In 2007, I migrated from sales to trading and became director of trading and manager West Africa.  Trading cocoa was increasingly about what we now call sustainability, and I worked closely with the Sustainability Director until he left in 2011. I took over his role, shedding my previous trading responsibilities, but remained in contact with clients on sustainability issues. I represented ADM Cocoa in many initiatives, steering committees and working groups.

Why did you found FarmStrong?

ADM decided to get out of cocoa; it didn’t fit well with their other commodity trading businesses at that time. It took time to find buyers. Cargill eventually bought the chocolate assets, while Olam bought the cocoa processing, grinding, and pressing.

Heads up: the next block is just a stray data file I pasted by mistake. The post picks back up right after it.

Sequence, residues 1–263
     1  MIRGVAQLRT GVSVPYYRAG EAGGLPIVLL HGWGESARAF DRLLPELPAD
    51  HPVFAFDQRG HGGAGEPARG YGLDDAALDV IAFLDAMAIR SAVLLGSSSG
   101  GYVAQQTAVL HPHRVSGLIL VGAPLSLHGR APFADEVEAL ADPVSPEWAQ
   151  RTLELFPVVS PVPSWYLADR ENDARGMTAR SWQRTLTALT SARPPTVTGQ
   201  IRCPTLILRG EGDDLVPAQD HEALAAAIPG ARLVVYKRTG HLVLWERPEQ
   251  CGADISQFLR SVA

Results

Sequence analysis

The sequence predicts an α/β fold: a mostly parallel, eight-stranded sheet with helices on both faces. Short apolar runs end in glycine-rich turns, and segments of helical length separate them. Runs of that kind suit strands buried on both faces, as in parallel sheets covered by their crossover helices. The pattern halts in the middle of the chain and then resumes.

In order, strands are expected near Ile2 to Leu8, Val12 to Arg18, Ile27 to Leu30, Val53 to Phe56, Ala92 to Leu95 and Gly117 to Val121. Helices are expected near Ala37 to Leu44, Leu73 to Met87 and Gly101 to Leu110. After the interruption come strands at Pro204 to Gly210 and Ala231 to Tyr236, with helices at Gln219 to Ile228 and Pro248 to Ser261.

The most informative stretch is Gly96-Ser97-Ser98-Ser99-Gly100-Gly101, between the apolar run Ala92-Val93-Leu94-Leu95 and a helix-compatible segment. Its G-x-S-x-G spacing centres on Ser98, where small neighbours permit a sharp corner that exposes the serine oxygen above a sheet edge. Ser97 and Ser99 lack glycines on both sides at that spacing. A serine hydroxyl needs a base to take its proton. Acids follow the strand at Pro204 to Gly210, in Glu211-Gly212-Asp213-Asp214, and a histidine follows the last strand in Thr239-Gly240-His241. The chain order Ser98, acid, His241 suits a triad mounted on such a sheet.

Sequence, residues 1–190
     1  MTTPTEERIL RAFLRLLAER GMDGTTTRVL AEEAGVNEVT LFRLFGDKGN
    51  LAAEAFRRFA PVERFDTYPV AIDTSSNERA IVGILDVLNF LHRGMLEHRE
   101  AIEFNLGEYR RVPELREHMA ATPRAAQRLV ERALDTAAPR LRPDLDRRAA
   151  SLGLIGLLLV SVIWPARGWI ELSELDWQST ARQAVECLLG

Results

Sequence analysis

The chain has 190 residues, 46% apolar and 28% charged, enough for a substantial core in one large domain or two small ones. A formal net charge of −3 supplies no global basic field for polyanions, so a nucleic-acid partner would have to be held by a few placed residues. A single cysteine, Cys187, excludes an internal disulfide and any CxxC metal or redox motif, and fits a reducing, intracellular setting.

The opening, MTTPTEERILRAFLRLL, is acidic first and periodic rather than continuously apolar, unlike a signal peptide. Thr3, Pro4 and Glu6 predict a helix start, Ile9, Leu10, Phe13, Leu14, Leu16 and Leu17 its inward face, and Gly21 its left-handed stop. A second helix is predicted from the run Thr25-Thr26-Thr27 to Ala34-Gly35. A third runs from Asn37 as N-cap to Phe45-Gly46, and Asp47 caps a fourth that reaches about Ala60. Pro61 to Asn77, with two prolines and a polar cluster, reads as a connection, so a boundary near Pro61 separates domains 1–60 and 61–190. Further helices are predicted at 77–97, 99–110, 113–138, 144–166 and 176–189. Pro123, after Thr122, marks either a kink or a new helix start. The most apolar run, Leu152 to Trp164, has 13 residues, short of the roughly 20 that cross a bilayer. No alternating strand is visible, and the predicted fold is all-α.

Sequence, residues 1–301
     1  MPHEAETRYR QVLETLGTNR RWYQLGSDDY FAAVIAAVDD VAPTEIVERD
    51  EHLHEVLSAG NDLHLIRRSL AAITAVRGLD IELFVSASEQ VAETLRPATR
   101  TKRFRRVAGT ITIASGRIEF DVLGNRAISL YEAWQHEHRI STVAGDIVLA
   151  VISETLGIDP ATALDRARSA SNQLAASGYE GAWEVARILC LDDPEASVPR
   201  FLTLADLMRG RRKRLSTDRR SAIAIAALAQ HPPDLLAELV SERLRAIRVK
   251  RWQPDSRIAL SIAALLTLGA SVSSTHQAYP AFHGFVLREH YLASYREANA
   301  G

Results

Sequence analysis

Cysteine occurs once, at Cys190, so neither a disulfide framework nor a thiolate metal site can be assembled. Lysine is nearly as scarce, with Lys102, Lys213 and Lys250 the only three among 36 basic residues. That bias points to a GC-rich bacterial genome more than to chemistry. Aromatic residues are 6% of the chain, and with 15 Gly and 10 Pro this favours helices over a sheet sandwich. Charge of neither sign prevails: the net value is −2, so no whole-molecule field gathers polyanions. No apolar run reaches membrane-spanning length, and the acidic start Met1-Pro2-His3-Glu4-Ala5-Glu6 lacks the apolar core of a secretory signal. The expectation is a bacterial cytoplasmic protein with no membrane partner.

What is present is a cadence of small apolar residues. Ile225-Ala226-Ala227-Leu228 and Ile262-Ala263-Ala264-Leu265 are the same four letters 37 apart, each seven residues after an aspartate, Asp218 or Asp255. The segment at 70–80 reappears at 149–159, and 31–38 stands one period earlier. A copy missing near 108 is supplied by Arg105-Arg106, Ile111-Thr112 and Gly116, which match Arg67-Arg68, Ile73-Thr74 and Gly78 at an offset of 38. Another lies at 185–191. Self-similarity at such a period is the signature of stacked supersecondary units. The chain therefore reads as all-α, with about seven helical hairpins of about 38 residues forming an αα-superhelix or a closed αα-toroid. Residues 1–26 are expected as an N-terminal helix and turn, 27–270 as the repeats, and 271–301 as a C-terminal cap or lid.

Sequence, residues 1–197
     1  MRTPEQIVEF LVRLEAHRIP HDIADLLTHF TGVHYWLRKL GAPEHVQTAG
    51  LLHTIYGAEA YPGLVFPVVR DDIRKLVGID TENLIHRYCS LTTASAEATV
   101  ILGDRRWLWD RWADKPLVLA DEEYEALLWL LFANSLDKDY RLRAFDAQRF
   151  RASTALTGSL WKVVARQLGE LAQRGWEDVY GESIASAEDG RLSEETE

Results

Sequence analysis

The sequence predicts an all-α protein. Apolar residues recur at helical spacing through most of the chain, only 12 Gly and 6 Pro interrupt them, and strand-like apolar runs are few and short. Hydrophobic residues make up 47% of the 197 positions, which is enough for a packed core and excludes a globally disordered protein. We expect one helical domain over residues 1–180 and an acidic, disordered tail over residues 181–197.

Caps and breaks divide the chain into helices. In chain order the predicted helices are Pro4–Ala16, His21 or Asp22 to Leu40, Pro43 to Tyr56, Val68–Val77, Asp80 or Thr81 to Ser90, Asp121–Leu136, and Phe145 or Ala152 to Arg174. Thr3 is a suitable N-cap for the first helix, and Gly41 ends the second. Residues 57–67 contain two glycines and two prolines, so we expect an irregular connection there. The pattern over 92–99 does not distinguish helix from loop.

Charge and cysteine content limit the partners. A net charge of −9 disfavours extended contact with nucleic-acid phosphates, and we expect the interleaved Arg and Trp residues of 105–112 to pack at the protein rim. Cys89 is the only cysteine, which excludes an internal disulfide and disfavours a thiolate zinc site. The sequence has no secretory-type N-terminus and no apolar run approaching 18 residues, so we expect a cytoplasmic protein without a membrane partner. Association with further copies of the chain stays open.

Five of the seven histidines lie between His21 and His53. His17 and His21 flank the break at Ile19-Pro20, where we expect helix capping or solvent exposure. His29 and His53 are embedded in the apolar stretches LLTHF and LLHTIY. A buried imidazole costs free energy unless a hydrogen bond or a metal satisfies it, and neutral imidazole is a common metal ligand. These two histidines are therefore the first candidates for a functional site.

In 2015, I left ADM and started FarmStrong to have the independence to advise trading companies looking to make their supply chains more sustainable. The French commodity trading company Sucden was an early customer and supporter.

What does FarmStrong do?

We design sustainability programmes for most of the significant international chocolate manufacturers and some smaller family businesses. We also currently run two programmes partly financed by the Swiss government. We do some work with UN agencies, developing and scaling up their environmental interventions. We also receive UN support to scale our programmes. We are a non-for-profit recognised by the Swiss federal government for its work in the public interest.

Our programmes include training in good agricultural practices, but agriculture is not necessarily the most significant problem farmers face. The cocoa tree is not the problem. The most important issues that farmers, families, communities face are health, nutrition, education, security, and poor infrastructure.

Why have the chocolate companies failed to eradicate child labour from their supply chains?